And the cleanup needs to extend to enforcement of city ordinances too, civic leader and volunteer Maria Bowser said. City sign ordinances need to be stringent, she said.
“I’d like for us to be less tacky and to look as classy as we really are as a city,” she said.
Construction with the future in mind, such as the work at the intersection of the Natchez Trace and Liberty Road, will make a big impact, residents said.
“Seeing that construction shows us how nice it will be in the future to have a cleaner entrance into Natchez,” Coy said.
“With that wonderful Natchez Trace Parkway entrance into Natchez, it should inspire us to continue to think about other entrances and how important appearances are,” he said.
Appearance is important for more than just tourism, said Pat Biglane, the chairman of the Natchez-Adams County Chamber of Commerce board. Looks play a big part in bringing in business, too.
“If we continue to improve the aesthetics of our area, little things like making sure the medians are cut and trash on the side of the road is picked up, we should continue to do more of that.”
Industries of the future
Studies and predictions say health care will double its profitability in 10 years, Speed said.
The large, money-making industry in the Miss-Lou doesn’t need to have anything to do with smokestacks, but everything to do with medicine, he said.
Darryl Grennell, president of the Adams County Board of Supervisors, said he’d definitely like to see more growth in the health care realm.
Adams County needs to attract patients who might currently be going to Jackson or Baton Rouge for their medical needs. In turn, more patients would attract more specialists to open offices in Natchez, Grennell said.
Dr. Fred Emrick is a radiologist and partner in Riverpark Medical Center who has already invested in the Miss-Lou. Emrick said he was excited about the future of medical care.
“We’re moving in the right direction,” he said. “Compared to five years ago, when industries were closing and things were dying out, I think we’re turning a corner.”
Vidalia Mayor Hyram Copeland said local growth in the medical world has been a big boost in recent years.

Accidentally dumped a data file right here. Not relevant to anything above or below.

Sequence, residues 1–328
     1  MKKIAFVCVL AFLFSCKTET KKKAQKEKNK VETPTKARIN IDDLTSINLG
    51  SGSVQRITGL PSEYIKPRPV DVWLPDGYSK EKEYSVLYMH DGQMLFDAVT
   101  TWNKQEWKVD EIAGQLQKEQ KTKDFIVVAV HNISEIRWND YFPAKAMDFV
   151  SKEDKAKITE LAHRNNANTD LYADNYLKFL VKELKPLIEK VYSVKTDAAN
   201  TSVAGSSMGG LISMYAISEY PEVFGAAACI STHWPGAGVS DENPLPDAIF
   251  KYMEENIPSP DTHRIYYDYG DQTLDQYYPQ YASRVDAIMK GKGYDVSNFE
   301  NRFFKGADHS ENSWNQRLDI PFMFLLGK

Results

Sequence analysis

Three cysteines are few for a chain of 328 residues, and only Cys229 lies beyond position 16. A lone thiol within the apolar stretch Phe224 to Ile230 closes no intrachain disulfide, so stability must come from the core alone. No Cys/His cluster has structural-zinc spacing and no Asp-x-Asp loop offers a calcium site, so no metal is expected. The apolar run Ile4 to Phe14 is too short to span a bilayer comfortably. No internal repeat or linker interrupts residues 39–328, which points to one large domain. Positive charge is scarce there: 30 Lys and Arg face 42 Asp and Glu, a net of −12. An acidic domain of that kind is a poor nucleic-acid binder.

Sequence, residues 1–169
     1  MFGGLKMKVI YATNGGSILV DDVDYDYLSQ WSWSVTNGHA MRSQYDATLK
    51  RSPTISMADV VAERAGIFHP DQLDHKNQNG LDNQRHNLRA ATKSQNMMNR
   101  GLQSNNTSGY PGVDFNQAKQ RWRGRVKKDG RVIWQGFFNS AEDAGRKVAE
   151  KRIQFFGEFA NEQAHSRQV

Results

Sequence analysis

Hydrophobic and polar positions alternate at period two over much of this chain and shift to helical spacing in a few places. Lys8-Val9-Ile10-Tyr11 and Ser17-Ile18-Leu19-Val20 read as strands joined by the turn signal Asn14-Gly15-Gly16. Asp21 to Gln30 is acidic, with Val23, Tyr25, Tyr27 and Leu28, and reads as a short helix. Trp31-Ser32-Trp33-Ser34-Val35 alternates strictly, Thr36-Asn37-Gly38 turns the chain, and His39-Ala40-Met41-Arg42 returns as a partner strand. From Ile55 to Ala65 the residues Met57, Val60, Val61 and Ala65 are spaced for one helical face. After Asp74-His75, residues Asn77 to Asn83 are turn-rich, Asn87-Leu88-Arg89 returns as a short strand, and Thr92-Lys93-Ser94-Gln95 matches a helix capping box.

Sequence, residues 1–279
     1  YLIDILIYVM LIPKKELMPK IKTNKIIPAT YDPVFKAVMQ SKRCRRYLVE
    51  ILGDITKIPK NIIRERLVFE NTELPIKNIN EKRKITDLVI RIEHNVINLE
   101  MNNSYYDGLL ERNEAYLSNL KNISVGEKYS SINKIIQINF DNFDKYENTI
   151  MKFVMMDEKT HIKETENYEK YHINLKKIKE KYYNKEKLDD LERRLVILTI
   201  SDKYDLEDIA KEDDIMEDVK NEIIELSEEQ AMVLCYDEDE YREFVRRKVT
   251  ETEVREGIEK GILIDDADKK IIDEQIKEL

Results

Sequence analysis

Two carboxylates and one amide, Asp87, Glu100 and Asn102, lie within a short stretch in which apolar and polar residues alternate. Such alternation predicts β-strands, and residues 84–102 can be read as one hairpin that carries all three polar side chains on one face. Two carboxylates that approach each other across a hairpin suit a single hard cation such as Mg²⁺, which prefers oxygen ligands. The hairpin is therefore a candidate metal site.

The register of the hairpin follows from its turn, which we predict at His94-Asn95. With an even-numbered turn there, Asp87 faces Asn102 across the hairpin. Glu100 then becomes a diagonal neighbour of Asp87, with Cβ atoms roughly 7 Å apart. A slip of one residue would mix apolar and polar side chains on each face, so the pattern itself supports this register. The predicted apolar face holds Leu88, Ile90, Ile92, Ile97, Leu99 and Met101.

“The doctor’s complex on the Riverfront and Promise (Specialty Hospital), which is in the process of building a new complex, this is two-fold,” he said. “No. 1 it helps the health care community in Vidalia, but it also creates jobs.”
The other major industry there for the taking is the second-home industry, Speed said.
“I know three people in Jackson that have a second home in Natchez,” he said.
Second-home owners spend their money in town, spilling over into the service industry.
Financial services, hospitals, homecare, these businesses can all be major economic players, Speed said.
“Traditional industrial development, of course, go after that, but that’s not going to be where new job growth is going to come from,” he said.
“Stop worrying about what you don’t have and focus on what you do have.”
Forrest Johnson III is a young adult who returned to his hometown in 2003, choosing to return to the service industry in Natchez rather than work in larger cities.
A financial advisor with Morgan Keegan & Co., he earned a master’s in business administration from the Alcorn State University graduate school of business in Natchez and appreciates the importance of the presence of Alcorn and Copiah-Lincoln Community College in Natchez.
“I do think positive things are ahead for Natchez. There is a lot of excitement and a lot of opportunity,” Johnson said.
“There are new developments, new neighborhoods under construction and expansions of businesses.”
Working with weaknesses
The quality of the K-12 educational system appears in the top five hot spots of most economic development lists.